If you go to the emergency room at Sequoia Hospital, how long will it take before you are evaluated?
The federal government says 13 minutes on average.
That’s better than the wait of 35 minutes at Stanford Hospital, according to a new database causing some hospital officials nationwide to cringe. It takes the ERs of Stanford and Sequoia an average of 234 and 106 minutes, respectively, from the time that a patient arrives in the ER to the time they are sent home. In that category, Sequoia Hospital bested the average across California (173 minutes) and across the United States (140 minutes).
Data for the Kaiser Foundation Hospital in Redwood City, Palo Alto VA Medical Center and Lucile Packard Children's Hospital, was unavailable for many of the categories measured, including emergency room performance.
Key measures of ER efficiency have been posted from hospitals taking part across the country, according to a report by former San Diego Union-Tribune writer Cheryl Clark, now senior quality editor for HealthLeaders Media.
“With precious little fanfare, Uncle Sam last month rolled out a big, fat database with seven measures comparing a service that many people—healthcare providers and patients alike—consider the most critical any hospital can provide,” Clark wrote last week.
Data collected in 2011 and early 2012 also tracked how long it took for an ER patient to be seen by a healthcare professional and how long the wait was to get a bed if they needed admission. Other data showed how long patients spent in the ER before being sent home and whether they received a brain scan if they might have suffered a stroke.
Clark interviewed Dr. Jesse Pines, an emergency room doctor and researcher who directs the center for healthcare quality at George Washington University.
“The theory is that when hospitals report this information, it makes them focus on it, and improve throughout their [Emergency Department],” Pines was quoted as saying.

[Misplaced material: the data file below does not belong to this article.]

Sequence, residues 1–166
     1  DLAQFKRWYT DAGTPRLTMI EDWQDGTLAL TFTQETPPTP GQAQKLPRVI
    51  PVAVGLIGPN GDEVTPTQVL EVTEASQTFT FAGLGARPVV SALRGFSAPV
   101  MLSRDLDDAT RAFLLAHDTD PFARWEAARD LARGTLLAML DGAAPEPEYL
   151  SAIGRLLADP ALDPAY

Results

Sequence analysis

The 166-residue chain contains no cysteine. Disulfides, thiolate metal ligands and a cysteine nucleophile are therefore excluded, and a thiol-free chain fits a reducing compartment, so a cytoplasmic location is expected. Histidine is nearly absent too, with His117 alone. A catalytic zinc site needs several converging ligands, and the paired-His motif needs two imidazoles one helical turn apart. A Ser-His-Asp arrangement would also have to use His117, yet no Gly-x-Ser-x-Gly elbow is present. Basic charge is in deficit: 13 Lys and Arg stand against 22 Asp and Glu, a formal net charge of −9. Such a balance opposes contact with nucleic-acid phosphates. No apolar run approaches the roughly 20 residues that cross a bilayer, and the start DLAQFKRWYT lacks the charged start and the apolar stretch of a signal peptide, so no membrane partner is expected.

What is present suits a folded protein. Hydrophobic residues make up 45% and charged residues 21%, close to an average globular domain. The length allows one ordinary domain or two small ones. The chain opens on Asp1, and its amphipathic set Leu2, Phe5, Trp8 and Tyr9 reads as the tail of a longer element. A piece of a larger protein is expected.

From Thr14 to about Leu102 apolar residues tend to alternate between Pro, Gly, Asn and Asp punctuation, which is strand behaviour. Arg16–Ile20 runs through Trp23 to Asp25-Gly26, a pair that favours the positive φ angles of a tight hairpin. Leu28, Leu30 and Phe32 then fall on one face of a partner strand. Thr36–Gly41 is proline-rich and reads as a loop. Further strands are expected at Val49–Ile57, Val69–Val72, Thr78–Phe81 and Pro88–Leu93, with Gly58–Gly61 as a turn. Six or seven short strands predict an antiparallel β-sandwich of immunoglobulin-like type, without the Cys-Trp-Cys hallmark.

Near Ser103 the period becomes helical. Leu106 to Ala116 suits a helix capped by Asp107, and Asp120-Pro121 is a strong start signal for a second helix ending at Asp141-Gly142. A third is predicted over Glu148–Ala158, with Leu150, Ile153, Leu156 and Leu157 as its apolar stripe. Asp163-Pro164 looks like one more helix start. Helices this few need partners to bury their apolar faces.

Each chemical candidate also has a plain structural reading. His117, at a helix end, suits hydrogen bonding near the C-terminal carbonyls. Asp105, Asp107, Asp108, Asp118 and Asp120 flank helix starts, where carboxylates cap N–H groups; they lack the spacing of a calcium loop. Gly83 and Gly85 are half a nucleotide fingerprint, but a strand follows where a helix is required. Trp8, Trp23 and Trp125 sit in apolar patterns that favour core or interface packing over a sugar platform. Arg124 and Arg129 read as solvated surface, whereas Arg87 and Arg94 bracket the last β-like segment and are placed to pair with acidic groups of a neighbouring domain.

“But it’s very hard to do. Certain performance measures are easier to fix—simple process measures like giving patients an aspirin—than improving ED throughput, which involves development of interdisciplinary teams.”
Pines told Clark the public attention pushes hospital administrators to focus on the emergency room as well as other metrics.
In a column, Clark said she thought the Centers for Medicare & Medicaid Services would “make a bigger fuss about such a major release.” She added:
Certainly with so much concern about ED overcrowding, and the number of patients being boarded in hospital hallways and even closets, coughing on each other and getting sicker as they wait, a three-month picture of the state of an ED’s throughput speed should be a very big deal.
But after a few conversations with emergency care experts who know how to read between the lines of this 29,664-record database, I started to realize how raw and flawed this effort still is.
She said a “bizarre glitch” by the Georgia Hospital Association showed wait times for 170 Georgia emergency rooms as “hopelessly inflated.”
The database said the Stanford ER saw 20,135 patients in 2011, with 2 percent (402) leaving the ER before being seen. Sequoia Hospital's ER, which saw 10,582 patients in 2011, was slightly better with a 1 percent (about 106 people) leave-before-being-seen rate.
For those who showed up to the ER with broken bones, Sequoia patients had to wait 32 minutes before receiving pain medication, while Stanford patients waited 78 minutes, according to the database.
In any case, residents can compare the ER care at their Peninsula hospital of choice with any two other local hospitals in the national database.
First go to the Hospital Compare website. Then type in your ZIP code, city or local hospital. When a list of hospitals is displayed, put a checkmark next to two or three hospitals.
Scroll down to a yellow button labeled Compare Now, and click to display more details. Look for a tab called Timely and Effective Care and click that.
Finally, scroll down to a section called Timely Emergency Department Care. A green button allows you to “View More Details,” displaying something like this page comparing Stanford, Kaiser and Sequoia hospitals.
What do you think of the performance of the region's hospitals? Tell us in the comments.
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